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UBC Theses and Dissertations

Computational single-image high dynamic range imaging Rouf, Mushfiqur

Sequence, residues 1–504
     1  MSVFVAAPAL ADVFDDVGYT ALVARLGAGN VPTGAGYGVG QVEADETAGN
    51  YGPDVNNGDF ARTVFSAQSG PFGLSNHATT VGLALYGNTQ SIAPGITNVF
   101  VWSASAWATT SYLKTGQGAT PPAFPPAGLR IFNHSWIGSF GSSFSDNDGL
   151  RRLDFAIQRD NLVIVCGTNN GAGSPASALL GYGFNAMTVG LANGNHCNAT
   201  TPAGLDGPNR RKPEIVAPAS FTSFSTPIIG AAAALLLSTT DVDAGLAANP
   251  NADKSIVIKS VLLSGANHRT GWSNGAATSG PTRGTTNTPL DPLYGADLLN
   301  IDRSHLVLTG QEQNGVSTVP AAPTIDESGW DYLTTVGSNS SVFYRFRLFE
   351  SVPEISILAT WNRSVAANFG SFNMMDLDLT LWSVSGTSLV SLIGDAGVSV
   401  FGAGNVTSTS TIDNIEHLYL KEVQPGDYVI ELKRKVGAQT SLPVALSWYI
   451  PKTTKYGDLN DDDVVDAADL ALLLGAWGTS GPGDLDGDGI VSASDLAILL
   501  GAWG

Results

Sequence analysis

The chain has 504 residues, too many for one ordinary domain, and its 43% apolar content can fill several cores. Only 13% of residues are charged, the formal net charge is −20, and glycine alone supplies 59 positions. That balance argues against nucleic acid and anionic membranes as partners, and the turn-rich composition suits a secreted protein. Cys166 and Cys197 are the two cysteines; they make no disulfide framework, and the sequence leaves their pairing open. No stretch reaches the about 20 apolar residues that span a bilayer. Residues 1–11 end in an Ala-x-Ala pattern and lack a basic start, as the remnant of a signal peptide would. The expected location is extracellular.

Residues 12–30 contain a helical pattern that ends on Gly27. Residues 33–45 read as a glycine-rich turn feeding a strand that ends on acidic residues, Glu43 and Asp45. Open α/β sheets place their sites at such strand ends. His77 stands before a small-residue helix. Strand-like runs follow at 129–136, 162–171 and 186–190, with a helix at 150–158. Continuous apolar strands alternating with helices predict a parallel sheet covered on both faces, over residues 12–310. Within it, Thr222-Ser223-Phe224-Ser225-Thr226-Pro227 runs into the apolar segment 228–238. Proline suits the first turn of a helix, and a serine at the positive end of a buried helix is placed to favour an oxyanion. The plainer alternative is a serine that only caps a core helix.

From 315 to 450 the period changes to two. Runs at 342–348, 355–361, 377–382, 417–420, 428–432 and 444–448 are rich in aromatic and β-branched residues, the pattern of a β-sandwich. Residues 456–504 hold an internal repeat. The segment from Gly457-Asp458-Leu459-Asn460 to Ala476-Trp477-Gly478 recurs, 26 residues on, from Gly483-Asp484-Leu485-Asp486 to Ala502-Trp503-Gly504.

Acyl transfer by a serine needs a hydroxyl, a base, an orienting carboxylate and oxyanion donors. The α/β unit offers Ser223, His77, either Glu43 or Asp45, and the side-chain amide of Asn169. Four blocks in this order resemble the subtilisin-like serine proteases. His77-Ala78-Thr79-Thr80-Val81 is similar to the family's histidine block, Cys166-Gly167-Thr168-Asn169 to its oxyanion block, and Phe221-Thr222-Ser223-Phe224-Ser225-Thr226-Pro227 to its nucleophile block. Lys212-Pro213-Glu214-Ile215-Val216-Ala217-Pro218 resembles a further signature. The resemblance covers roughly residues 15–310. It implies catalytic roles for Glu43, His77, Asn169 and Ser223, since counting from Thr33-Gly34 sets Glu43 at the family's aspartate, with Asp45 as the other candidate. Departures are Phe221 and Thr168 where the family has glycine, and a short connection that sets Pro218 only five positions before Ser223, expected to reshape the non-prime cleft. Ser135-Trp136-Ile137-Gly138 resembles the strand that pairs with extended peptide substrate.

This thesis proposes solutions for increasing the dynamic range (DR)—the number of intensity levels—of a single image captured by a camera with a standard dynamic range (SDR). The DR in a natural scene is usually too high for SDR cameras to capture, even with optimum exposure settings. The intensity values of bright objects (highlights) that are above the maximum exposure capacity get clipped due to sensor over-exposure, while objects that are too dark (shades) appear dark and noisy in the image. Capturing a high number of intensity levels would solve this problem, but this is costly, as it requires the use of a camera with a high dynamic range (HDR). Reconstructing an HDR image from a single SDR image is difficult, if not impossible, to achieve for all imaging situations. For some situations, however, it is possible to restore the scene details, using computational imaging techniques. We investigate three such cases, which also occur commonly in imaging. These cases pose relaxed and well-posed versions of the general single-image high dynamic range imaging (HDRI) problem. The first case occurs when the scene has highlights that occupy a small number of pixels in the image; for example, night scenes. We propose the use of a cross-screen filter, installed at the lens aperture, to spread a small part of the light from the highlights across the rest of the image. In post-processing, we detect the spread-out brightness and use this information to reconstruct the clipped highlights. Second, we investigate the cases when highlights occupy a large part of the scene. The first method is not applicable here. Instead, we propose to apply a spatial filter at the sensor that locally varies the DR of the sensor. In post-processing, we reconstruct an HDR image. The third case occurs when the clipped parts of the image are not white but have a color. In such cases, we restore the missing image details in the clipped color channels by analyzing the scene information available in other color channels in the captured image. For each method, we obtain a maximum-a-posteriori estimate of the unknown HDR image by analyzing and inverting the forward imaging process.

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